Ho Chi Minh CityThe results of several surveys show that if elected, the majority of Vietnamese people want to retire at the age of 50 years, very few people wait until they are old enough.
Since the beginning of this year, Mr. and Mrs. Nguyen Van Huynh, 50 years old (District 12, Ho Chi Minh City) decided to stop working and retire early.
Their daily rhythm is to get up at 5 am, go to the garden to water the plants and feed the birds. After the children go to school, this husband and wife couple invites each other to go shopping or have coffee with friends. The happiest time is after 5 pm, the whole family goes to the rooftop garden to exercise and collect fruits. “At 9 p.m., no one in my house was awake,” Huynh said.
“Now it’s time to wake up and sleep whenever you like, work as you please,” said the old man from Ha Tay.
To have such certainty, Huynh has divided her life into stages and is working hard to achieve her goals. According to him, the age of 20 to 40 is a period of study, labor, investment and accumulation; entering the age of 40-50 years, reducing investment, risky labor, increasing investment and basic accumulation; Until the age of 50, they have to settle down, rest and from 60 years, they will not invest, do business or do anything for money anymore.
Currently, Mr. Huynh still mostly does investment or brokerage work on condition that she doesn’t have to work under money pressure, this source of income is only for traveling and serving hobbies. The rest, he has a stable source of living and the cost of studying for his family from investments such as renting a house, shares in companies … “The income in early retirement is enough to cover expenses. The average monthly expenses of my family,” he said.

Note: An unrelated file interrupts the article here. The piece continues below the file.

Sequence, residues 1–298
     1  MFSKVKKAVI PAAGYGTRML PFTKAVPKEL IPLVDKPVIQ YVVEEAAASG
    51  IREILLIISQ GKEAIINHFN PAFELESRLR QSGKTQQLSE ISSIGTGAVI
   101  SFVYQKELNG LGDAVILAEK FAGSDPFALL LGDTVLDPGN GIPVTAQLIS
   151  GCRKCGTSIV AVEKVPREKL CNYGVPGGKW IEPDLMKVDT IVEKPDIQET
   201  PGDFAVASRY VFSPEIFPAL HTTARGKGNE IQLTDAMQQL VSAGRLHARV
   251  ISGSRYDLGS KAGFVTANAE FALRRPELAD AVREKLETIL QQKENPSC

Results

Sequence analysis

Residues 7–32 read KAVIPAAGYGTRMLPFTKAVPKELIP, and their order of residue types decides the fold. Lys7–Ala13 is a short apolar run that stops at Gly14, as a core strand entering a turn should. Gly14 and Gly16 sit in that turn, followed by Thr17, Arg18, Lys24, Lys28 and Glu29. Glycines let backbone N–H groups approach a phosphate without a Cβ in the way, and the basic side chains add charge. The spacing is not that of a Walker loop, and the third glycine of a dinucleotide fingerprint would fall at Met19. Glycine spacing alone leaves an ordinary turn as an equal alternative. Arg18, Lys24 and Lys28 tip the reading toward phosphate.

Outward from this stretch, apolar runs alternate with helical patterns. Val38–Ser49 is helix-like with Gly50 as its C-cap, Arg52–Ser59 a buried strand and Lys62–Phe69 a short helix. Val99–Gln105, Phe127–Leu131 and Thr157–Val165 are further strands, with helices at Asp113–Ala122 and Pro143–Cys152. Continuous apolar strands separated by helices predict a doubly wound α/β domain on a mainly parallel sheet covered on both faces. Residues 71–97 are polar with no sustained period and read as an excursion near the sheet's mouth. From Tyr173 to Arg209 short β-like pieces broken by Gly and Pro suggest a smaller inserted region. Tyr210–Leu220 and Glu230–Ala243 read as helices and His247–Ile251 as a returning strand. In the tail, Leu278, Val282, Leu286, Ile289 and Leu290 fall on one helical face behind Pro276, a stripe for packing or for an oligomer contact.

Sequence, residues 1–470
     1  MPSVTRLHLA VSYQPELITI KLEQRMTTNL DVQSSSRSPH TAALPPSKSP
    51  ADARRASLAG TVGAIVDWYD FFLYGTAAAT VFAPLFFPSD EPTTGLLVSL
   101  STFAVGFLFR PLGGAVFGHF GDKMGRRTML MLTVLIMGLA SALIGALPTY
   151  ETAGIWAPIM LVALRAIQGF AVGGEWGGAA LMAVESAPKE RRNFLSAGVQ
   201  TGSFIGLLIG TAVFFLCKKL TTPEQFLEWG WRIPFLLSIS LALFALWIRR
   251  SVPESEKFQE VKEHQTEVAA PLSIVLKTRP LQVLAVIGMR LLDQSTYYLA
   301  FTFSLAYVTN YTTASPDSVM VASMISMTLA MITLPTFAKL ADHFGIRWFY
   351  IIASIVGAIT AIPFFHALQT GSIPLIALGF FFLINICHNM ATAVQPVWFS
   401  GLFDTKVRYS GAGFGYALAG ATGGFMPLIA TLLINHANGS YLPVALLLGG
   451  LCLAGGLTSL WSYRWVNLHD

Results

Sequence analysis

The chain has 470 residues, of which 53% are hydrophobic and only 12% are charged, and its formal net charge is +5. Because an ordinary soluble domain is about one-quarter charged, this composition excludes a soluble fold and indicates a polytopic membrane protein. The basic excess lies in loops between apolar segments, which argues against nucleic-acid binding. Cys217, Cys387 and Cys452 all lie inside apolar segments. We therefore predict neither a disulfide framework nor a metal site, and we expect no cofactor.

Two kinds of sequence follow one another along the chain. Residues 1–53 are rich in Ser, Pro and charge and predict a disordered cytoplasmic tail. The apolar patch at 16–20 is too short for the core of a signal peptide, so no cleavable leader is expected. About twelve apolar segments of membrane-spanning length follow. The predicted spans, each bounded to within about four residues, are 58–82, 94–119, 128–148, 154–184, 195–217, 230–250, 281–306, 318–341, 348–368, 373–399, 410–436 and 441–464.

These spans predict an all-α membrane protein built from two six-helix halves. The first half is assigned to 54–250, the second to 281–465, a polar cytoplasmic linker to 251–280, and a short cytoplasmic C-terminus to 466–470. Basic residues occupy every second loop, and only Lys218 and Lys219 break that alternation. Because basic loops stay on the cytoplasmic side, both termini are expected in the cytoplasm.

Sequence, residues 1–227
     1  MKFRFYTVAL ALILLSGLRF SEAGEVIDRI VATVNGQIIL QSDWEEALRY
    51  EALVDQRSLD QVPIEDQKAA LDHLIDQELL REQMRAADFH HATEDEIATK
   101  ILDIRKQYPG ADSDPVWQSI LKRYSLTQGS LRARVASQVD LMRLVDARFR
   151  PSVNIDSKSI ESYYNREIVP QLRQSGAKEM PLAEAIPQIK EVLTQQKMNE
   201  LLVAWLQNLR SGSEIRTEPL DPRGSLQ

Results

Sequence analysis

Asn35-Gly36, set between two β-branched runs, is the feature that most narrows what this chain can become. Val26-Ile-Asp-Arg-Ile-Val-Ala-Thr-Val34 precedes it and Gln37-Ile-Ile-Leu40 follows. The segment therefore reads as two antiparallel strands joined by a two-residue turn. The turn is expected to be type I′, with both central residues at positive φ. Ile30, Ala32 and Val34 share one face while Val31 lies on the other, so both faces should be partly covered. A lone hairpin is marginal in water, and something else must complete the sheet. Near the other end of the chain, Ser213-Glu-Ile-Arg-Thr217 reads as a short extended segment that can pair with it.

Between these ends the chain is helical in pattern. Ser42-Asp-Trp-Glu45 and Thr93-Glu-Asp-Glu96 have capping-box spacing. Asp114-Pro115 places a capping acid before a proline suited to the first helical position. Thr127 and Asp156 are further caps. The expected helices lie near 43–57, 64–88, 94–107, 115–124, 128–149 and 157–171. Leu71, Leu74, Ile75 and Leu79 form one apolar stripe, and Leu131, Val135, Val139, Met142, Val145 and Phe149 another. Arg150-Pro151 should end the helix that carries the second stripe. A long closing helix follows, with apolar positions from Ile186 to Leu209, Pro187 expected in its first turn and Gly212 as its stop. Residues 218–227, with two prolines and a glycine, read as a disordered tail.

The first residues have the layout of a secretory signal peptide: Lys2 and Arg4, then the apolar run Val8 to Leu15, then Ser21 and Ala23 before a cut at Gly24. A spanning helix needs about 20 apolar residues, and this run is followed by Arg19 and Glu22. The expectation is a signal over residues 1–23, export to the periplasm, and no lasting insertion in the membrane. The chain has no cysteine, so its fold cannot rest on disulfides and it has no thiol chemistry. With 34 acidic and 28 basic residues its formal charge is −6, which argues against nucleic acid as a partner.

Huynh and his wife are among more than 28% Vietnamese have planned to achieve the life they want in old age, according to a survey conducted by the Institute of Labor and Social Sciences conducted in late 2021. Of the more than 2,000 respondents, 41% plan to retire in old age. 55 and nearly 39% will retire from 55 to under the legal age. More than half of the city’s residents plan to retire between the ages of 45 and 55.
One survey on VnExpress with more than 4,300 readers indicating that only 9% decide when it’s time to retire. The remaining 7% want to retire under the age of 40, 32% want to retire between 40-50 and 52% want to retire from 50 to below the statutory retirement age. This shows that most Vietnamese people have desires early retirement of the prescribed age, some people even start doing it earlier.
According to a survey conducted by a VnExpress reporter, the majority of people who have implemented early retirement plans are young people who are successful in business, IT, real estate, securities or virtual currency… Whether intentionally or not Unwittingly, they all follow trends FIRE (financial freedom and early retirement) that has emerged in the world over the last few years.
Hung Nguyen, 30 years old from Ninh Binh, is expected to reach the financial freedom milestone in the next 5 years, when he has accumulated enough USD one million. He bought a house in Hanoi and has assets of about 8 billion VND.
After graduating from school, this Law scholar worked in a proper field of study, but after a while, he was unable to see the future. From the age of 25, he turned to a real estate broker. After a bit of accumulation, he invested in stocks, forex and virtual currencies. In the past year, he mainly invested in cryptocurrencies, with an average monthly profit of 70-100 million dong. Flexible work allows Hung to take the initiative in time, exercise, rest and additional knowledge. “In fact, for the past four years, I have lived like a pensioner,” Hung said.